Known thermally conductive elastomeric material 340 that can be used by the invention is made by coating a woven glass fiber web, dielectric film or aluminum foil substrate, with a silicone based emulsion that has been impregnated with thermally conductive particles, e.g. ceramic, Boron Nitride, Graphite, Alumina, or other known thermally conductive particles.

The thermally conductive elastomeric material 340 can use compressive force to achieve the thermal contact between the integrated Ethernet switch 330 and the elastomeric material 340. The compressive force can be applied by the passive heat sink 350 and the integrated Ethernet switch 330. When a compressive load is applied, the thermally conductive elastomeric material will fill surface irregularities of both the integrated Ethernet switch 330 and the passive heat sink 350. As pressure increases, the elastomeric material will fill microscopic voids between the integrated Ethernet switch and the heat sink, thereby decreasing thermal resistance in the invention.

Optionally, an adhesive may be used as described above with respect to FIG. 1.

The aluminum plate 360 is in thermal contact, at a first side, with the heat sink 350 through the opening 321 in the second housing part 320, and affixed, at the first side, to an outer portion of the second housing part surrounding the opening, as described above with respect to items 112, 140 and 150 of FIG. 1. The aluminum plate 360 preferably covers the entire opening 321. Optionally, the outer portion of the second housing part surrounding the opening can be a recessed outer portion 322 in order to provide a substantially planar outer surface of the second housing part 320 having the aluminum plate 360, and optionally, the polyesther label affixed thereto.

A second side of the aluminum plate 360 is capable of heat convection to air outside of the telephone base. The heat convection can be directly with the air, or through the optional insulating material 360.

It should be understood that the insulating material may reduce the efficiency of heat convection from the second side of the aluminum plate to the air, but also operates to insulate a user from the aluminum plate when it is hot. The insulating material therefore can serve at least two purposes. The first is to protect a user from heat emanating from the aluminum plate. The second is to identify the model number or other identifying information of the telephone.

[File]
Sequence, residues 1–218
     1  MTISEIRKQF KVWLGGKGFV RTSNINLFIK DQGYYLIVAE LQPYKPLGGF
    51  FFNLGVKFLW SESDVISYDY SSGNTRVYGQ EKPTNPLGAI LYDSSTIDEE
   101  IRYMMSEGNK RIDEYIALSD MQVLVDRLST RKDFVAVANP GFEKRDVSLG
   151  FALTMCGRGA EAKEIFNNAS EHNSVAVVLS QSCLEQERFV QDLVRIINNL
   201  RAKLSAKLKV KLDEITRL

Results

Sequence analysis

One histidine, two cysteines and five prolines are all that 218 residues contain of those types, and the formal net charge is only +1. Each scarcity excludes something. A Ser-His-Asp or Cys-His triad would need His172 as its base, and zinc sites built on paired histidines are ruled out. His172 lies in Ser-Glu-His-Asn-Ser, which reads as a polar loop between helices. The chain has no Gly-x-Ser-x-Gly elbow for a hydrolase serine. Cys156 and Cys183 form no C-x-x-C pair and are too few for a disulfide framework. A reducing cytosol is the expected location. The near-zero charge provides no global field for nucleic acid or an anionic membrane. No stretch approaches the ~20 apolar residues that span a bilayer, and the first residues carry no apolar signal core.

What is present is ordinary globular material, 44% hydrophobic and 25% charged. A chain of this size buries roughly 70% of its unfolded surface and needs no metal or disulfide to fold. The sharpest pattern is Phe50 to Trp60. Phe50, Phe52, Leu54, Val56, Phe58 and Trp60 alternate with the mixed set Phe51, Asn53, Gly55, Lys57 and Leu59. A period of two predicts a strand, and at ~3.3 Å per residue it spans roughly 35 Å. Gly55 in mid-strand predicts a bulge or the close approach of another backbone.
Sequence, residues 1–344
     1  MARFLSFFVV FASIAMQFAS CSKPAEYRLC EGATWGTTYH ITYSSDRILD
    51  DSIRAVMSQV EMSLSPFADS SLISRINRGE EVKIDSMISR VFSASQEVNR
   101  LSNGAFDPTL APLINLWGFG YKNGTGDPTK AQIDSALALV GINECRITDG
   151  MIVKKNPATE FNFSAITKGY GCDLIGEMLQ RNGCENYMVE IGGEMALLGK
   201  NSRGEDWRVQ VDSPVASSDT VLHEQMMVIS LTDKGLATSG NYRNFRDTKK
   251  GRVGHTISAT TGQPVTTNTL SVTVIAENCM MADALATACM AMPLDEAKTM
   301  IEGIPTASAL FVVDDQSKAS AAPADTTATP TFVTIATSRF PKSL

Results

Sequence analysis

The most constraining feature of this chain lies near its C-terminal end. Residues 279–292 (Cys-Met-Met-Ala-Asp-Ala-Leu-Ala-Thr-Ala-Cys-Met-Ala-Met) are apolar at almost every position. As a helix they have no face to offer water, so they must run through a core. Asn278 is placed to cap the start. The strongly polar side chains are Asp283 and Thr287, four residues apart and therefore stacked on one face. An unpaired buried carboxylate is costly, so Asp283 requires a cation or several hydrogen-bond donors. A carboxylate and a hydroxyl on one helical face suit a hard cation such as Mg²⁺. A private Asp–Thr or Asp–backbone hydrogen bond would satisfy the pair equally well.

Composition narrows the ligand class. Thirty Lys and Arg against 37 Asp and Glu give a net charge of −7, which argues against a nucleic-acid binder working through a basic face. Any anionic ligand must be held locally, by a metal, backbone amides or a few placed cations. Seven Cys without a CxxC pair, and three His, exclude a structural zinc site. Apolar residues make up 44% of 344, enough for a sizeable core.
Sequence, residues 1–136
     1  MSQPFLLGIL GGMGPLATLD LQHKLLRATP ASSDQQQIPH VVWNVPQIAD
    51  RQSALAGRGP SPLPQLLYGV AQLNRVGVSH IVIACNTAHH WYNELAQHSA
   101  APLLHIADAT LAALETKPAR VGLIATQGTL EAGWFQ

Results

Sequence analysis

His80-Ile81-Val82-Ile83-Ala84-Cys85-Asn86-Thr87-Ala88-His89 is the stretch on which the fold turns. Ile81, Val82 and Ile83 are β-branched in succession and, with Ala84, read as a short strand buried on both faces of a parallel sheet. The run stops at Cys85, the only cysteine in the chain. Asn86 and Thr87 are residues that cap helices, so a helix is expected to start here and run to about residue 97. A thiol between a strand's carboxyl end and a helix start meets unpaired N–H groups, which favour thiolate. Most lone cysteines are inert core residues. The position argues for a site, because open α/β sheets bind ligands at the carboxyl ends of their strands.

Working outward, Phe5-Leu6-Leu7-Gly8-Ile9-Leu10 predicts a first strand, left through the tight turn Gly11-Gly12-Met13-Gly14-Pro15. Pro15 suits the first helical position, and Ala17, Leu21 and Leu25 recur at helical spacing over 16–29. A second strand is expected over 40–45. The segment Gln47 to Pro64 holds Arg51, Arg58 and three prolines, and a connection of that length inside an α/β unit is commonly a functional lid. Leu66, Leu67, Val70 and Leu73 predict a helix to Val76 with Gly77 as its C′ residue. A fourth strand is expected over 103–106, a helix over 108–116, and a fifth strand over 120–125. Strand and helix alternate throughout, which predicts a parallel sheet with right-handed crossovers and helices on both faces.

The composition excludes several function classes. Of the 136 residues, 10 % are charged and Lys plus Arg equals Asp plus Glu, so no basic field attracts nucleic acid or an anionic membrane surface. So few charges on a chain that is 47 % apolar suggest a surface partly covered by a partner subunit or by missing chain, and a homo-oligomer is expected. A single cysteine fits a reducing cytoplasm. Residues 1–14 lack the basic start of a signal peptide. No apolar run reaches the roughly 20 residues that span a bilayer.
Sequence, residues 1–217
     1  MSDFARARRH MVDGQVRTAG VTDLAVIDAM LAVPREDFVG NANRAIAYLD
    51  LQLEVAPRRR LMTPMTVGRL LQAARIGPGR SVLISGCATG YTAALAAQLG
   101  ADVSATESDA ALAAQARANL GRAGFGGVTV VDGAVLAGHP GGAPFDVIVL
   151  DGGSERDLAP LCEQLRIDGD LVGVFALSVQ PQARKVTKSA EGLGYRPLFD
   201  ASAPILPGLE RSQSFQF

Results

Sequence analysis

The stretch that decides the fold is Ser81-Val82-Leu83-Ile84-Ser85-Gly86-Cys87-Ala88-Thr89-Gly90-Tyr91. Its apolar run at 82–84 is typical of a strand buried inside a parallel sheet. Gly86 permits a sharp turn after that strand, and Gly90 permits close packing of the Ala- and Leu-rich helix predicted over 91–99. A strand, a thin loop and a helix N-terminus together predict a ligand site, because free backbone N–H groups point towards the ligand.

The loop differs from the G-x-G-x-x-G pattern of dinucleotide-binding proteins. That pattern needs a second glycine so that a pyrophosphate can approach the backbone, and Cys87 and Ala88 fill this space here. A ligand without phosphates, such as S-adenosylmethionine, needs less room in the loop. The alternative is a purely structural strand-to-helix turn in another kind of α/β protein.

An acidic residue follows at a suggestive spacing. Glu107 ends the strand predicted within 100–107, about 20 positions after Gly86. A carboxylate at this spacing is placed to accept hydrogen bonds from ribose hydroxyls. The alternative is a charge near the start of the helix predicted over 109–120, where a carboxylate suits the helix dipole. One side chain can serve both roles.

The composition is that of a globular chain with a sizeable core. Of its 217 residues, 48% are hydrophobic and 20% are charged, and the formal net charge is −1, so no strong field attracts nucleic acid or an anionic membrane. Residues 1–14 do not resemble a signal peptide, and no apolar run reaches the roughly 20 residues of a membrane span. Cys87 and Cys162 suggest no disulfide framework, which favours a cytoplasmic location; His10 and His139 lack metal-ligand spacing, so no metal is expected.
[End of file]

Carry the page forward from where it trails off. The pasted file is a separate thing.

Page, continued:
Although the invention has been described by way of examples of preferred embodiments, it is to be understood that various other adaptations and modifications may be made within the spirit and scope of the invention. Therefore, it is the object of the appended claims to cover all such variations and modifications as come within the true spirit and scope of the invention.

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Referenced by
Citing PatentFiling datePublication dateApplicantTitle
US7724526 *Oct 10, 2008May 25, 2010Delphi Technologies, Inc.Electronic module with heat sink
US7859843 *May 6, 2009Dec 28, 2010Hon Hai Precision Industry Co., Ltd.Heat dissipation structure
US7929302 *May 14, 2009Apr 19, 2011Hon Hai Precision Industry Co., Ltd.Cooling device
US8537555 *Jul 6, 2011Sep 17, 2013Askey Computer Corp.Heat-dissipating casing for communication apparatus
US8830681 *Jul 20, 2012Sep 9, 2014Hong Fu Jin Precision Industry (Shenzhen) Co., Ltd.Electronic device with heat dissipation apparatus
US20120287578 *Jul 6, 2011Nov 15, 2012Askey Computer Corp.Heat-dissipating casing for communication apparatus
US20130335922 *Jul 20, 2012Dec 19, 2013Hon Hai Precision Industry Co., Ltd.Electronic device with heat dissipation apparatus
Classifications
U.S. Classification361/704, 165/185, 361/719, 361/690, 165/80.2
International ClassificationH05K7/20
Cooperative ClassificationH05K7/20418, H05K7/20445
European ClassificationH05K7/20F3B, H05K7/20F4B
Legal Events
DateCodeEventDescription
Nov 12, 2012FPAYFee payment
Year of fee payment: 4
May 1, 2012ASAssignment
Effective date: 20111010
Owner name: HEWLETT-PACKARD DEVELOPMENT COMPANY, L.P., TEXAS
Free format text: CORRECTIVE ASSIGNMENT PREVIUOSLY RECORDED ON REEL 027329 FRAME 0001 AND 0044;ASSIGNOR:HEWLETT-PACKARD COMPANY;REEL/FRAME:028911/0846
Dec 6, 2011ASAssignment
Free format text: ASSIGNMENT OF ASSIGNORS INTEREST;ASSIGNOR:HEWLETT-PACKARD COMPANY;REEL/FRAME:027329/0044
Owner name: HEWLETT-PACKARD DEVELOPMENT COMPANY, L.P., TEXAS
Effective date: 20030131
Jul 15, 2010ASAssignment
Owner name: HEWLETT-PACKARD COMPANY, CALIFORNIA
Effective date: 20100428
Free format text: CORRECTIVE ASSIGNMENT TO CORRECT THE SEE ATTACHED;ASSIGNOR:3COM CORPORATION;REEL/FRAME:025039/0844
Jul 6, 2010ASAssignment
Owner name: HEWLETT-PACKARD COMPANY,CALIFORNIA
Effective date: 20100428
Free format text: MERGER;ASSIGNOR:3COM CORPORATION;REEL/FRAME:24630/820
Free format text: MERGER;ASSIGNOR:3COM CORPORATION;REEL/FRAME:024630/0820
Owner name: HEWLETT-PACKARD COMPANY, CALIFORNIA
Feb 21, 2006ASAssignment
Owner name: 3COM CORPORATION, MASSACHUSETTS
Free format text: ASSIGNMENT OF ASSIGNORS INTEREST;ASSIGNORS:HUE, BRYCE XIAOBO;ROBERTSON, DALE G.;REEL/FRAME:017609/0803
Effective date: 20060220